Segwit2x Fork - What Was It?

In 2017, Bitcoin was enjoying massive growth.

At the start of the year, the price hovered around $1000, but by November it had soared to $7000. It was also fluctuating wildly.

The decentralized monetary system had been presented with the kinds of challenges that they weren’t prepared for.

The increase in demand for the cryptocurrency led to a massive increase in transactions, which then drove the cost of operations and the length of time it took for transaction confirmations.

If Bitcoin was going to scale in any real sense, it needed a software upgrade to its protocol. Which is where SegWit and SegWit2x were supposed to help.

Hard Forks vs. Soft Forks

It helps here to explain a little bit about how blockchain expansion works, and the suggestions for upgrading. Part of the issue with SegWit2x was that it required a hard fork.

A soft fork is, at its core, backward compatible. It allows for a shift in network rules and creates blocks that will still be recognized by existing software.

On the other hand, a hard fork involves taking a blockchain and splitting it into two permanently. It performs a complete overhaul of the rules that apply to the blockchain and completely redesigns it so that it will not recognize old software.

In some cases, a hard fork can split a network into two, creating different systems that allow people to choose which they wish to adopt. This was seen in the case of bitcoin and bitcoin cash.

However, a split can also be caused if enough people adopt both possible outcomes, causing disruption to networks and systems.

While SegWit required a soft fork, SegWit2x required a closer look at the entire infrastructure for bitcoin’s blockchain and offered up a significant challenge to the way it was governed and would behave.

The challenge of a hard fork became a battle of ideologies that would prove to be the undoing of SegWit2x.

What was SegWit2x?

SegWit2x was a proposal that would require a hard fork, and it built on the back of a soft fork proposal.

The soft fork, SegWit, was introduced in summer 2017 as part of a two-stage process that became known as the “New York Agreement.”

The bones of the SegWit2x protocol were proposed to challenge the issues with the expanding blockchain network. It would increase the block size from 1MB to 2MB, thereby helping to speed up the process.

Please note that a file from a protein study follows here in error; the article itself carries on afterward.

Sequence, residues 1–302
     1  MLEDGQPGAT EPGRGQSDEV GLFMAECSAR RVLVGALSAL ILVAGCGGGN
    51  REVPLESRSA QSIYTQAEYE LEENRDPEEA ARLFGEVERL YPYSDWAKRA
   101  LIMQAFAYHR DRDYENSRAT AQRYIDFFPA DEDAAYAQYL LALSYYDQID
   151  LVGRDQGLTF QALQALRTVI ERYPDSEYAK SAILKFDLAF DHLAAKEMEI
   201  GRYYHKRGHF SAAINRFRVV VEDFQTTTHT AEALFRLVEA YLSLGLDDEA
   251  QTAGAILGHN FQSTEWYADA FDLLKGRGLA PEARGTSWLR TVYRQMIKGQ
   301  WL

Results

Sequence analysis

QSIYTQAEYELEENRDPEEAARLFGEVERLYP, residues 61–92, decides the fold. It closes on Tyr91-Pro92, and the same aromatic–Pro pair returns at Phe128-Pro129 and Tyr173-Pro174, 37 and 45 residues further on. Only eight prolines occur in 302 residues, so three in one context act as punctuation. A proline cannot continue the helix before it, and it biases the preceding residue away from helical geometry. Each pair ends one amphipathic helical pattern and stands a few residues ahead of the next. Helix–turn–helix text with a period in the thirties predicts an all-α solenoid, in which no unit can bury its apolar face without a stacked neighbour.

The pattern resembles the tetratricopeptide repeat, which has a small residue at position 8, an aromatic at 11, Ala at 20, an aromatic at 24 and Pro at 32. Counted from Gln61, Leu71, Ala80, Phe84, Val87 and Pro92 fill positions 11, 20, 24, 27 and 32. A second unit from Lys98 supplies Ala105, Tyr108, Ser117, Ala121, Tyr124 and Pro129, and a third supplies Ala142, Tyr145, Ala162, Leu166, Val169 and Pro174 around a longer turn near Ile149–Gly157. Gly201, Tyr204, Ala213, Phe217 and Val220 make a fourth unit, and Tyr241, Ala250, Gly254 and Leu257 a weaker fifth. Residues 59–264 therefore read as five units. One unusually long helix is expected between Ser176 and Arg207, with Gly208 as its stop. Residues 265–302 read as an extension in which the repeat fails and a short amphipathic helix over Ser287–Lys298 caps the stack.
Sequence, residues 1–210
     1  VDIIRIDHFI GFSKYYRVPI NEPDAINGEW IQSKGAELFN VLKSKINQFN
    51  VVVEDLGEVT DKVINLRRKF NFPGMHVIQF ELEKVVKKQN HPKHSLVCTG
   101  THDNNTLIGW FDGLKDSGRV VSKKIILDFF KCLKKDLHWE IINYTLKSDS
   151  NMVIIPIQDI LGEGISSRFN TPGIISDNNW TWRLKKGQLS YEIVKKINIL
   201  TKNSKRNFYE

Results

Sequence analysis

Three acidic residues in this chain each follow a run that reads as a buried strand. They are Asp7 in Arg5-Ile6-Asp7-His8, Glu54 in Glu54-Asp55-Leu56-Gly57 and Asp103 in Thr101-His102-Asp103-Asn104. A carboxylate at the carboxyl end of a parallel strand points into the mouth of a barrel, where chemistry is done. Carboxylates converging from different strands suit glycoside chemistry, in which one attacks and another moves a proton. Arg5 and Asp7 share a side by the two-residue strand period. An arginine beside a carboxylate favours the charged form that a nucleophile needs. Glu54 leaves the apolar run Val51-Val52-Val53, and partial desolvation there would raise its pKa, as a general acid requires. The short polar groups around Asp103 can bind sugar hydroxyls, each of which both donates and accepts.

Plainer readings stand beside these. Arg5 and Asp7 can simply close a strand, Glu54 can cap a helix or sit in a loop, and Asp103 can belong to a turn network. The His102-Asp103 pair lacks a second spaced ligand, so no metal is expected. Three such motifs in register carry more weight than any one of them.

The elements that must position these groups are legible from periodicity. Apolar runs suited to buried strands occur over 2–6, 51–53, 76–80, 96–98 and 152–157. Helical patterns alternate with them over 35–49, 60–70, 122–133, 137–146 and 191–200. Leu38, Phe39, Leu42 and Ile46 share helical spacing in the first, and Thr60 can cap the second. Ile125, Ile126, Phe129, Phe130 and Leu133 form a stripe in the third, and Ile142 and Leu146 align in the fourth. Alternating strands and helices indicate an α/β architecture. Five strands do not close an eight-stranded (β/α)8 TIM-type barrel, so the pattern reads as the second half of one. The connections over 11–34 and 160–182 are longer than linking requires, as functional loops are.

Users had also been paying miners to make transactions, which had driven fees upwards - and SegWit2x would remedy that.

In order to implement SegWit2x, there would have to have been a considerable change in the rules of bitcoin governance.

However, the revolutionary aim was that SegWit2x would keep all existing bitcoin users on the same singular blockchain.

Who supported SegWit2x?

In the run-up to its proposed adoption, startups and miners were the most overt supporters of the new update. Fundamentally, this was based on the frustrations people had over bitcoin adoption. Bitcoin’s slowness caused other cryptocurrencies to overtake it.

Existing upgrades had caused massive amounts of frustration as they failed to address many of the issues that bitcoin was facing - and where a remedy was made, it often wasn’t anywhere near what it could have been.

While the initial Segwit proposal failed to excite miners, SegWit2x actively incentivized on-chain transactions, allowing them to turn a profit. With the time and investment that miners spend on their equipment, it was only common sense that they hoped to see better returns on their investment.

The other huge fans of the SegWit2x proposal were larger bitcoin companies like Circle and Coinbase. While they would ultimately suspend their support, their logic was similar to that of miners and startups.

Supporters of SegWit2x were looking for a simple and efficient solution to the problems of scaling up a blockchain. The SegWit2x proposal would double the size of the blockchain but was ultimately considered to be a linear scaling solution, rather than offering exponential growth.

This satisfied many of the shared aims of the various stakeholders. It would allow Bitcoin to remain desirable while still allowing them to expand. The ultimate objective for supporters of blockchain and cryptocurrency comes from a desire to see a scalable, decentralized system that can be quickly and easily adopted around the world.

Coinbase is adding consistently vast numbers of users, but Bitcoin is suffering. The fact that users are willing to invest in cryptocurrencies other than Bitcoin, mainly because of the failings inherent in the system, felt too risky.

The problem with Segwit2x

The opposition to SegWit2x came from node operators and developers. Part of the debate came from an inherently different understanding of what bitcoin should do. While fans of SegWit2x were hoping for a new global currency, developers and node operators look at bitcoin as a value store.

The risk of introducing a new protocol challenged this, and with people feeling like miners and businessmen would reap the rewards, the risks outweighed any potential benefits. While SegWit2x would increase the speed of transactions, the burden would have been felt more keenly by node operators who would have to store more data.

With opposition in both ideology and the rollout of the protocol, SegWit2x led to a battle within the blockchain community. While attempts were made to create a consensus on when and how the protocol should be implemented, it was ultimately too wide a gulf to bridge.

The SegWit2x hard fork was scheduled for November 16, 2017. Yet on November 8, the proposal was suspended due to the ongoing resistance to the protocol. Companies such as Coinbase and Circle revoked their support, and ultimately the protocol failed.